Don Black reached the end of the line in Philadelphia. A’s manager Connie Mack was a patient man. But the Tall Tactician had his limits. For Don Black was an alcoholic. It was a disease that Black could not control, and like all diseases, there were residual effects that were equally damaging.
Black showed promise in the minor leagues. He posted excellent records, and hurled two no-hitters. The first was on July 22, 1941, a 1-0 win over the Staunton Presidents. Black’s second no-hitter occurred on August 4, 1942, a 4-0 victory over the Pulaski Counts. Based on his fine performance, Mack paid $5,000 for his services. He was added to the A’s mound staff, and showed some promise. In his fourth career start, he threw a one-hitter against the St. Louis Browns at Shibe Park on May 30, 1943. But the remainder of his season was not exactly earth-shattering; Black (6-16, 4.20 ERA) made 26 starts and totaled 12 complete games.
Mack more than once took the fatherly approach with some of his players. Especially with those players who were going through difficult times away from the diamond. It was one of the reasons for his popularity. If anything, he gave Black multiple chances when the talk of his hitting the bottle became common knowledge in the clubhouse. Mack was no fool. In five decades of professional baseball, he had seen it all.
Black’s tenure came to a head in Boston on June 5, 1945. At the Somerset Hotel, Black joined Dick Siebert, Al Simmons, and Charlie Metro for breakfast. Black ordered a bowl of split pea soup. “We’re eating our eggs and he’s fumbling with the spoon to eat his soup,” said Metro, “and Simmons moves over a little to block Mr. Mack’s view of what’s going on, and the guy leans over to spoon up some soup and falls face down right into the bowl. We’re all moving in close to try to cover it up and Connie Mack says, ‘You don’t have to do that. I’ve seen it.’”1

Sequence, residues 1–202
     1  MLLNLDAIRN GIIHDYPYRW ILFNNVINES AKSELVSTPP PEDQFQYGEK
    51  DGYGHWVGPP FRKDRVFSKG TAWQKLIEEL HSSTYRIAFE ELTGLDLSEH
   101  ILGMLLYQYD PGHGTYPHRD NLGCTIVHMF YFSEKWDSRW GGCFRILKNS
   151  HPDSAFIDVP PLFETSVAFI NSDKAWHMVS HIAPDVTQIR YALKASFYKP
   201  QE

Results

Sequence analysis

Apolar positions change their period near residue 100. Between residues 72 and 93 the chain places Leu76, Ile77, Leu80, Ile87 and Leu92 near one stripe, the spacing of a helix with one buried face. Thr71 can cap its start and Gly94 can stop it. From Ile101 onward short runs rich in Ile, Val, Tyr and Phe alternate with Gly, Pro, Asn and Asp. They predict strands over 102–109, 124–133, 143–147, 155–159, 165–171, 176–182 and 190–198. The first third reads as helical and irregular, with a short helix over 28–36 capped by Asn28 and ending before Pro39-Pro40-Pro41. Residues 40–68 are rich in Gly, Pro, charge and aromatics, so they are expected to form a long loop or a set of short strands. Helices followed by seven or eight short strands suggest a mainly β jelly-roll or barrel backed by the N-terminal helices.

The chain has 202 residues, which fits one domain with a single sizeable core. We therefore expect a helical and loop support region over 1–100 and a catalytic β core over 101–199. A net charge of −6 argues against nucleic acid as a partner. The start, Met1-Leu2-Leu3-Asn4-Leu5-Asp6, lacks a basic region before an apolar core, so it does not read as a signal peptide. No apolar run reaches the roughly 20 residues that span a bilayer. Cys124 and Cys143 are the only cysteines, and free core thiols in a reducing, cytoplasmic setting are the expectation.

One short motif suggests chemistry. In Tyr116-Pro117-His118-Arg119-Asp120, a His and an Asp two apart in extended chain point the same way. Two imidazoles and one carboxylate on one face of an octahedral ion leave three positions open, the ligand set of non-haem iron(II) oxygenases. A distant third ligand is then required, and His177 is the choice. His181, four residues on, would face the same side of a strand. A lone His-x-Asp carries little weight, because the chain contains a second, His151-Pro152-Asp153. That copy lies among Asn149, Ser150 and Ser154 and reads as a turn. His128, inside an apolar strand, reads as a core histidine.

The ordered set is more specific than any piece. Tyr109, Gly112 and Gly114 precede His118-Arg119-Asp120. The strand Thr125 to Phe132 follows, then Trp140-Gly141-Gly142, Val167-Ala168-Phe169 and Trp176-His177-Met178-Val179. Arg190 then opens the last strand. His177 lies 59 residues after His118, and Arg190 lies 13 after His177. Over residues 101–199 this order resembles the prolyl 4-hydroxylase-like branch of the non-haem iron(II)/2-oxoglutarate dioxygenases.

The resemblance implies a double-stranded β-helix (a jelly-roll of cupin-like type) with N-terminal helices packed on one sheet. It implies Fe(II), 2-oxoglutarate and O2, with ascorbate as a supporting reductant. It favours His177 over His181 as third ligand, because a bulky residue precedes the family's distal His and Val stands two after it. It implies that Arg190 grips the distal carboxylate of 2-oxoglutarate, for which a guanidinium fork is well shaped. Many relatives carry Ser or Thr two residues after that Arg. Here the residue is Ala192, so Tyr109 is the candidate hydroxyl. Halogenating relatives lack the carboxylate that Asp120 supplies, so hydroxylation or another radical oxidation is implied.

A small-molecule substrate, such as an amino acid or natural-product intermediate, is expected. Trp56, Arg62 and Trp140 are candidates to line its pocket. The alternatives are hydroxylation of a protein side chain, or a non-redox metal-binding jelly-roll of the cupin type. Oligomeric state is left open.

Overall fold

Mack suspended Black for 30 days. The reason given was that Black broke “training regulations.” And although he returned to the A’s in early July, his destiny had already been decided by Mack. Black did take his place in the A’s pitching rotation. But his 4-8 record after the suspension yielded a 4.22 ERA.
Mack traded Black to Cleveland for an unannounced sum in October 1945. “He should be a great pitcher, but he’s a bad boy,” said Mack.2 In writing about the deal, the Philadelphia Inquirer mentioned that Black did not measure up in his potential with the Athletics and that he was often wild. In three seasons with Philadelphia, Black walked 254 batters in 510 2/3 innings while striking out 194.
“That fellow is a good pitcher, and I could use him,” said Indians skipper Lou Boudreau.3 But Black started only four games for Cleveland in 1946. He was optioned to Milwaukee of the American Association for the balance of the season.
Cleveland had the foundation for a good pitching staff in 1947. Bob Feller led the league in wins (20) and strikeouts (196). Bob Lemon was transitioning to the pitching mound from center field and would pitch the first of seven 20-win seasons in 1948.
“Don Black should be a leading candidate for one of our starting jobs,” said Boudreau. “Everyone knows he belongs in the major leagues. We’ll certainly give him the chance to stay there.”4
The confidence Boudreau expressed did wonders for Black, who was having his best season thus far in the big leagues. He was the starting pitcher in the first game of a doubleheader against Philadelphia on July 10, 1947. Black’s record was 6-5 with a 3.84 ERA. The A’s countered with spot starter Bill McCahan (1-1, 4.35 ERA). The Indians and A’s were in fourth and fifth place of the American League standings, both double-digit games behind front-runner New York.